French prison official freed after hostage drama
The deputy governor of a high-security prison in northern France was taken hostage by a "particularly dangerous inmate" Wednesday but was later released unharmed, officials said.
The hostage-taker, identified as Fabrice Boromee, was considered so dangerous when he arrived at Vendin-le-Vieil jail in May that those in charge of keeping watch over him were given special protection gear, unions representing prison workers told AFP.
In an interview with a French TV channel in June, the prisoner had said he was desperate to return to the French overseas territory of Guadeloupe, his home.
He was reportedly jailed in 2010 in Guadeloupe for a scooter theft that turned violent, and was later transferred to mainland France.
Boromee was being held in isolation at Vendin-le-Vieil, a next-generation prison that houses some of France's most dangerous criminals -- one of only six in the country to do so.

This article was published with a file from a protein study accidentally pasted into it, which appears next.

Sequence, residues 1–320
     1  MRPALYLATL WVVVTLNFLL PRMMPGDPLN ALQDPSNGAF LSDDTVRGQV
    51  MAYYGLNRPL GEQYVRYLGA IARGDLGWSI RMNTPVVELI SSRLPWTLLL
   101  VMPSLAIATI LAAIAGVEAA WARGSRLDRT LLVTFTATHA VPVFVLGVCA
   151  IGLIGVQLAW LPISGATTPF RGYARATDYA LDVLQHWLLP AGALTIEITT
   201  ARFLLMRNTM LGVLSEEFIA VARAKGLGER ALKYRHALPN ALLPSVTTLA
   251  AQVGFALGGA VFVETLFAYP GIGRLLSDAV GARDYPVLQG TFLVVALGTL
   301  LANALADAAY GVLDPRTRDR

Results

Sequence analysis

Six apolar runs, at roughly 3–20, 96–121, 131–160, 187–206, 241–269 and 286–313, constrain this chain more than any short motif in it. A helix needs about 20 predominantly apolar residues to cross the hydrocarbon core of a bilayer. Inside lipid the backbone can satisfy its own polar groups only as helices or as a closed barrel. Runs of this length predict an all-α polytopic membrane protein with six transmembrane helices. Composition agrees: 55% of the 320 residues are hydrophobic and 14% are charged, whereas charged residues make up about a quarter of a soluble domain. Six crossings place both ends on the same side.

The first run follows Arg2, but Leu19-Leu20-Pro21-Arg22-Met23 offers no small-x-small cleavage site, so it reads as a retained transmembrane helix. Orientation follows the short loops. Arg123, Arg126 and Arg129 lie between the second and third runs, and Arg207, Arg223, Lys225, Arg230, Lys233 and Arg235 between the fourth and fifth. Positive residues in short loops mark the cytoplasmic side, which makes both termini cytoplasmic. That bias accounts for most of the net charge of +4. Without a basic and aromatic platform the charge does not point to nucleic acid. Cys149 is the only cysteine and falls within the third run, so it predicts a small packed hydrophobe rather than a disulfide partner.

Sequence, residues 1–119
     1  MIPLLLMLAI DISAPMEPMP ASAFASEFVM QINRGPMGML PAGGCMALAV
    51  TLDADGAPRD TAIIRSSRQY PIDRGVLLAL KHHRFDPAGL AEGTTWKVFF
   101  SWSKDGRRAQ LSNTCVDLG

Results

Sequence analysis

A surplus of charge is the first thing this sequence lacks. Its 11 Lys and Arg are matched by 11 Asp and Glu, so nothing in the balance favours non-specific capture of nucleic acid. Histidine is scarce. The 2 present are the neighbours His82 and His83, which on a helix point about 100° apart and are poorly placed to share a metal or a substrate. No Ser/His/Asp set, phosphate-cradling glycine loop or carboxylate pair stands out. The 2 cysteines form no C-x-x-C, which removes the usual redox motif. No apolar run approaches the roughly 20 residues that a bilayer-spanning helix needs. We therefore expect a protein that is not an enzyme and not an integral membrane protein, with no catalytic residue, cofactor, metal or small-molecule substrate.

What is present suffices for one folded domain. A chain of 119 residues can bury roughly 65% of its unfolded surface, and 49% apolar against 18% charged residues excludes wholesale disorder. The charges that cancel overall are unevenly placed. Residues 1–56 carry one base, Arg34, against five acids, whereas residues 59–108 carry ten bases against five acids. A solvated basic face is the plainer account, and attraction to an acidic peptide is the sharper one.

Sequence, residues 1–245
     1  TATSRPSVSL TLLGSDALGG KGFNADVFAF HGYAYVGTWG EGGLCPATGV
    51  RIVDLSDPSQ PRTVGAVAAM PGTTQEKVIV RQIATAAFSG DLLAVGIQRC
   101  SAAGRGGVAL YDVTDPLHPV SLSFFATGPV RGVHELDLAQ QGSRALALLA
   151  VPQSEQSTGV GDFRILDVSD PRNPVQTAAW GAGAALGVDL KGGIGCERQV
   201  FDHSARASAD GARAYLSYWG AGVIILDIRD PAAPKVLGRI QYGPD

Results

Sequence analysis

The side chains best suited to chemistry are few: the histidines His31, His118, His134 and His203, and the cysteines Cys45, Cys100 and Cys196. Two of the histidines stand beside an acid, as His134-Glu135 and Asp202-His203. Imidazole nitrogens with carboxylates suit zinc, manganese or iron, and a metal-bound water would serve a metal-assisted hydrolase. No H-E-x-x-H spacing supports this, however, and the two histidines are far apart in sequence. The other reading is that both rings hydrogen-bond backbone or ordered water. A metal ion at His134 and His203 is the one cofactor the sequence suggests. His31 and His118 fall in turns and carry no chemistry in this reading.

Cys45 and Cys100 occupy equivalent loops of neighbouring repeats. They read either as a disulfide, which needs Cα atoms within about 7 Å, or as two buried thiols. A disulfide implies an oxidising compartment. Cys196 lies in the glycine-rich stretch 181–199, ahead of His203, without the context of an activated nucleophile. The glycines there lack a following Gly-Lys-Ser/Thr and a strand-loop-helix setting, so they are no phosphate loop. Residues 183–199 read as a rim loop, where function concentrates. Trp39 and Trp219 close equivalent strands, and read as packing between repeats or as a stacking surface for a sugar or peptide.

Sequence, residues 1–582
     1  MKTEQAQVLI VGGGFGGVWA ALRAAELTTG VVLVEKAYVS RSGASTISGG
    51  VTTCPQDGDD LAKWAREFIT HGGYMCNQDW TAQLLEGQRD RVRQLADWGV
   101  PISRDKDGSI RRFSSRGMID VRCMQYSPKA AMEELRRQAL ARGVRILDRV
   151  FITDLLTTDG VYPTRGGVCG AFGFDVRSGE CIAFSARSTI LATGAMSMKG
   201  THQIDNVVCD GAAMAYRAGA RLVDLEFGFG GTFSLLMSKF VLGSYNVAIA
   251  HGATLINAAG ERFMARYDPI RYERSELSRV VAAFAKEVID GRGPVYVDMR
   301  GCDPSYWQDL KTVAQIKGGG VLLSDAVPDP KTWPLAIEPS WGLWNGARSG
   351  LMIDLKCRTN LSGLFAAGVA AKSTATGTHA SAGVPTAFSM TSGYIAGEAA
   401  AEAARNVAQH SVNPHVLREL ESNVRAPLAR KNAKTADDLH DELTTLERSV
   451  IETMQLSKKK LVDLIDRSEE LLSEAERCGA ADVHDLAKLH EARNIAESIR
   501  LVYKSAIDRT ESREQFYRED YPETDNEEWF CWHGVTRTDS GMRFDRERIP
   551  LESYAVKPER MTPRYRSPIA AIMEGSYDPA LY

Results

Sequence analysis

He seized the deputy governor, identified as Fabrice Bels, at around 11:00 am (0900 GMT) in the jail's isolation unit.
Authorities in the Pas-de-Calais region and union sources said Boromee was thought to be armed with a home-made weapon and security forces had gone to the prison to "carry out negotiations and a possible intervention."
Bels was later released safe and sound, officials said. It was unclear whether Boromee had given himself up or whether police had overpowered him.
With some 238 places -- although there are currently only 51 inmates in the jail -- Vendin-le-Vieil only opened this year and the building contains "highly sophisticated safety features," according to the justice ministry.
© 2015 AFP